Remember when Japan experienced one of the largest nuclear disasters back in 2011? An earthquake and subsequent tsunami resulted in what is now known as the Fukushima nuclear disaster, which caused the deaths of over 15,000 people and the displacement of some 160,000 residents.
The massive effort to clean up the aftermath of this disaster is expected to last until the 2050s. That’s a really long time!
A recent development in the clean up project of the Fukushima disaster has caused netizens everywhere reeling in shock.
That’s because Tokyo Electric Power Company (TEPCO) chairman Takashi Kawamura announced their plans to dump almost 777,000 tons of water tainted with tritium into the Pacific Ocean. Are you serious?!
Currently, there are 580 barrels of these toxic water in the plant, which is running out of space fast. According to Japan Times, Kawamura says, “The decision has already been made,” but they will ultimately need the government’s approval to proceed further.
“We cannot keep going if we do not have the support of the state, Fukushima Prefecture, and other stakeholders,” he added.
Nuclear Regulation Authority chairman Shunichi Tanaka fully supports this decision and urges TEPCO to do so. he even said, “An operator lacking the will to take the initiative does not have the right to resume operation of nuclear reactors.”
According to The Guardian,Tanaka said, “Tritium is so weak in its radioactivity it won’t even penetrate plastic wrapping.” However, the substance is harmful when ingested in high amounts.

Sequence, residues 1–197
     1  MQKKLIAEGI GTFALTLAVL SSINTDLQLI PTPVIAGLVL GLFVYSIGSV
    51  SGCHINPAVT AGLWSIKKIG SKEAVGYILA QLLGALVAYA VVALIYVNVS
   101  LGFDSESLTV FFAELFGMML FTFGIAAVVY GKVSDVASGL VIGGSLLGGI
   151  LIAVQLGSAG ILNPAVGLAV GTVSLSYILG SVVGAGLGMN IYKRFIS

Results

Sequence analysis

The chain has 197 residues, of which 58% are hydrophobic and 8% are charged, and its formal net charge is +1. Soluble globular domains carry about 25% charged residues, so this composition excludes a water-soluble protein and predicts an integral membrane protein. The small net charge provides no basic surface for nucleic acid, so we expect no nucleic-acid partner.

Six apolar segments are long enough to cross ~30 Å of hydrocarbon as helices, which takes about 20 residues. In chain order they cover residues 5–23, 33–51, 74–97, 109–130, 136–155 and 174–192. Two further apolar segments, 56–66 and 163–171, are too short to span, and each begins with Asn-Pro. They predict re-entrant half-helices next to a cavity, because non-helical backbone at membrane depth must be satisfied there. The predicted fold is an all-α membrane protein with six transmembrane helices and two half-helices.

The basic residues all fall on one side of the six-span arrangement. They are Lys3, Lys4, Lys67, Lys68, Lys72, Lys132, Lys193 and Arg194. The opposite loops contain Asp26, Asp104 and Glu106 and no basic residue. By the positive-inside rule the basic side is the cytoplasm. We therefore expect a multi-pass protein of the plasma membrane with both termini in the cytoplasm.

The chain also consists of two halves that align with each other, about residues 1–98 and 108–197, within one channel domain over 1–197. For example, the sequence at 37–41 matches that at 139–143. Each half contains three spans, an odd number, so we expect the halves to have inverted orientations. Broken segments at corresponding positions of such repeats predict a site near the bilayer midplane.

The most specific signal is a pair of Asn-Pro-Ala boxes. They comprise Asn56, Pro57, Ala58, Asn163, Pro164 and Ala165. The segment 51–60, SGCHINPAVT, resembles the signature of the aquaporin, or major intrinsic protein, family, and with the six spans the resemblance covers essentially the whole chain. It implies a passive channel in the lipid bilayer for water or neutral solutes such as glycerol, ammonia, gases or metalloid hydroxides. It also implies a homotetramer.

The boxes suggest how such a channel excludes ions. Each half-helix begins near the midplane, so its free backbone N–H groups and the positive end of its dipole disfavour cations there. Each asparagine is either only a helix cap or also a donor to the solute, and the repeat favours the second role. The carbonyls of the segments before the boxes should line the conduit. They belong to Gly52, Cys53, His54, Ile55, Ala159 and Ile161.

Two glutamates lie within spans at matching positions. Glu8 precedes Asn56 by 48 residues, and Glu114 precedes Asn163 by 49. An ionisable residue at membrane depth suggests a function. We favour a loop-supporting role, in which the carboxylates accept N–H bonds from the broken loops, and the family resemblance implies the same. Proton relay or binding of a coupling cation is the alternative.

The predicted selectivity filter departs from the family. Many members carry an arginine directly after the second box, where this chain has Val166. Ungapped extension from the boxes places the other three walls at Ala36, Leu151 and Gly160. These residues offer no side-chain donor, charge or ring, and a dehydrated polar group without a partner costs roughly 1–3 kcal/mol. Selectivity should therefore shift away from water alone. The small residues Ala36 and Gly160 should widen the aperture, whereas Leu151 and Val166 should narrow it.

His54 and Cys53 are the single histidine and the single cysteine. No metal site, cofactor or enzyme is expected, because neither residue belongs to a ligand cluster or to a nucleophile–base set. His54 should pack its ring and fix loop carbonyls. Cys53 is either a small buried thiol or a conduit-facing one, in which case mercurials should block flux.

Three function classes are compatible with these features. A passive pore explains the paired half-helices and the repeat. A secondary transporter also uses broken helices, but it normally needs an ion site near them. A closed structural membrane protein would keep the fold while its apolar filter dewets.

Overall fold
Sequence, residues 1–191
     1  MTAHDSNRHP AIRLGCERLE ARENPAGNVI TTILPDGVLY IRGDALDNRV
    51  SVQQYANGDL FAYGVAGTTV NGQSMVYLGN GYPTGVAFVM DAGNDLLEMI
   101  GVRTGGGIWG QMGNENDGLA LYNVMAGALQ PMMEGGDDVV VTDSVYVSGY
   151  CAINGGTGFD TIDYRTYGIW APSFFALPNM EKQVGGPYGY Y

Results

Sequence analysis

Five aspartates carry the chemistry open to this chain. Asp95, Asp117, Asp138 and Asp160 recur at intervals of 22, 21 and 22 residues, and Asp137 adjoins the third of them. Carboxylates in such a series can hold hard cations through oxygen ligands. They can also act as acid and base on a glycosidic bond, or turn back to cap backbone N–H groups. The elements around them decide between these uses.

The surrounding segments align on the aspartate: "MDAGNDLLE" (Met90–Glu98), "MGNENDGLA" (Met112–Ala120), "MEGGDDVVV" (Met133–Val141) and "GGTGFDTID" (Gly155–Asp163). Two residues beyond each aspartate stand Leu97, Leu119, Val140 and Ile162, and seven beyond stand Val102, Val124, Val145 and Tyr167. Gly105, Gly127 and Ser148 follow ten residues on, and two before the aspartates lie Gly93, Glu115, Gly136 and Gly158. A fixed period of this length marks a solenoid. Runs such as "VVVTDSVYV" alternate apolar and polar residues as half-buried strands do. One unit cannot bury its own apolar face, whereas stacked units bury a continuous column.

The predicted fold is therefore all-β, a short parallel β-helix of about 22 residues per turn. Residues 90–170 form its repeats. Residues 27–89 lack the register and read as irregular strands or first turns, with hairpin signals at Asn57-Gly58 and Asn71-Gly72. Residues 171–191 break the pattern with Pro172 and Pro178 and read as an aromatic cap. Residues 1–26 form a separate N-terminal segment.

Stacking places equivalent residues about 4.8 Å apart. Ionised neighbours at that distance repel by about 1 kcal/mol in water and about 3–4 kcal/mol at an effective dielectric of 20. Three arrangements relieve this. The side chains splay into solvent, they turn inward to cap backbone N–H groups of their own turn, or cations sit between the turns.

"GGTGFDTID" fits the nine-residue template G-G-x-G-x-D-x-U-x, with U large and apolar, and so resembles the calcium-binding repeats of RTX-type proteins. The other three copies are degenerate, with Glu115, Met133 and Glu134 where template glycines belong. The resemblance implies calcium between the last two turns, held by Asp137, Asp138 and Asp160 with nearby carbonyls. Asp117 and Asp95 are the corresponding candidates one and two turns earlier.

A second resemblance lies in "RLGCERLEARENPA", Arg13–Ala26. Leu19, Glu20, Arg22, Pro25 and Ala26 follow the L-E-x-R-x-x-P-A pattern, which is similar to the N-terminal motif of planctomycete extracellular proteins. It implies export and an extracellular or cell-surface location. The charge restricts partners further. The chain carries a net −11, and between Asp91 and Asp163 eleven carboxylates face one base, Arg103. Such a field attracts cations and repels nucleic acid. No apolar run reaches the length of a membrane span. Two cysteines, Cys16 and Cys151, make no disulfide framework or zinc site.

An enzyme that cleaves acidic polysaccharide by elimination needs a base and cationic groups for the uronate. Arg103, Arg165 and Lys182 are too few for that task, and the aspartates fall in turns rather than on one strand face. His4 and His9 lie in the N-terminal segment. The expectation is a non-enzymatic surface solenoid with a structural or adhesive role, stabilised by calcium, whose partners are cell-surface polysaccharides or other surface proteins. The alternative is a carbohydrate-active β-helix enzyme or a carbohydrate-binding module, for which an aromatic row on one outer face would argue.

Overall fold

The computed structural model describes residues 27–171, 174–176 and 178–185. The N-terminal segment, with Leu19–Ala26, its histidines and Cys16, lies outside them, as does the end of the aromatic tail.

Simon Boxall, an oceanographer at the University of Southampton clarifies this by saying,
“…if they do end up putting the material in the Pacific, it will have minimal effect on an ocean basin scale.”
“In an ideal world, we wouldn’t be in this situation. But the question is, what is the safest way forward? In many ways this is a pragmatic solution.”
Meanwhile, local residents object vehemently to this practice, fearing that it would further impact the livelihood of the fishing industry as the released contaminated water would take time to disperse and will ruin the public’s perception of Japan’s seafood.
Environmental activists also raise another cause for concern for this dumping as they fear that it will become a norm. “They say that it will be safe because the ocean is large so it will be diluted, but that sets a precedent that can be copied, essentially permitting anyone to dump nuclear waste into our seas,” Aileen Mioko-Smith of Green Action Japan said.
This is a big deal, especially for those who eat a lot of Japanese seafood like sushi! Will they be safe enough for us to consume? Guess we’ll have to see what happens!
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